linesthroughlines

Chris Merritt Goes Big

In Indie, Pop, Soul on September 10, 2009 at 11:54 am

chrismerritt

I’m going to go big on this one, or I might as well go home.

I now know Chris Merritt. I’ve played a few shows with him, spent at least minimal chat time, talked about the Pixies and his commercial pilot dad’s temper and the lawnmower Chris had to push around back in the day. He’s told me that I am somewhat of an enigma to him, which is ironic because he’s still somewhat of an enigma to me. He can seem moody and distant. He can be engaging and captivating. He can perform his intricately arranged songs with his eyes closed, or he could forget the words to (or how to play a part of) my favorite song.  These are the burdens that come with being as talented as this young man. When you’ve written over 1,000 songs and you’re under 30, it’s probably not easy to keep it all straight. There are only so many notes on a keyboard after all.

Here’s the big part. Chris Merritt has written more great songs at 26 than Ben Folds ever has or ever will.

I’m a huge Folds fan. He’s dripped his sweat on me in the orchestra pit of a show at Virginia Tech. I felt the hair creep up on my neck when watching him play with the West Australia Symphony at Perth (on DVD, not live, unfortunately). I cry when I listen to Whatever and Ever Amen. And god forbid if I say aloud that he could hardly hold Merritt’s jockstrap. This is sacrilege. And Chris is probably going to be mad at me now, but the cat’s out of the bag my friends.

Chris’ main “flaw” is that he may be too talented. There’s a lot going on in that head. There is some inhuman itch in those fingertips that must tap a new melody upon every rise of the sun. Sometimes it’s hard to figure out the good from the blah when you’re prolific and alluring and everyone tells you that everything is amazing.  How does Chris take criticism? Does every track cut make the album? These are things I wonder when I see double albums and collections getting dropped out of the sky every 6 months. But make no mistake, there are treasures within.

It’s important to know that Chris Merritt will probably never be as popular as Ben Folds (deserving or no) and he’s probably tired of the comparison anyway. All I care about are these things: He plays piano. His heart resides firmly and permanently on his sleeve.  His melodies and harmonies will move you. He deserves to be heard. Virginia is for Hoverers is as good a place to start as any. It’s mostly amazing. It’s as irrelevantly flawed as we all are, and totally perfect in its own ways. Musicians like Chris Merritt are the reason I started this blog.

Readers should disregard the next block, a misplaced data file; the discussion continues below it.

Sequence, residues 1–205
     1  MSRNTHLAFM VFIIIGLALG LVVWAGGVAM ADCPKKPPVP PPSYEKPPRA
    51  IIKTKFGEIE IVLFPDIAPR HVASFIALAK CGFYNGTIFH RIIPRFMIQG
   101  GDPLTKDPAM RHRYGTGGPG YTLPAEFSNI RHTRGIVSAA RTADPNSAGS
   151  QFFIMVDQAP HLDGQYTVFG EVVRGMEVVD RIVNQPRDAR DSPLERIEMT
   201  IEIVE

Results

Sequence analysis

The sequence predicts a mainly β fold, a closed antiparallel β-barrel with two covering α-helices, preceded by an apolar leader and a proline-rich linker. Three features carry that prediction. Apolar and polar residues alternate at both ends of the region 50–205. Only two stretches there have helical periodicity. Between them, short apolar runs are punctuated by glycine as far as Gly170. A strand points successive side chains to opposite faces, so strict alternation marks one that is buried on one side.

I’ve been big and bold, if not rambling and incoherent so I’ll end on another big one. Maybe not everything Chris touches turns to gold. Just mostly everything.

Listen:
She Wolf
I Don’t See You Here
[from Virginia is for Hoverers (Part 1)|buy]

If your interest is piqued in the slightest, you should visit his site and listen to more of his fantastic catalog, including (in my opinion) his masterpiece to this point, Pixie and the Bear (a double-motherloving-album), which I reviewed here.

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  1. You’re right! This is a great review! I purchased this album immediately upon reading and I can’t agree with you more!

    Mr. Merritt is practically a clone of Ben Folds. What I’ve always wanted was to find another musician willing to produce more music more often than the hard-to-track Folds. It’s hard not to compare the two, despite Merritt’s differing melodic styles as well as his highly diversified sound. At the end of the day, a guy singing with a piano is a guy singing with a piano.

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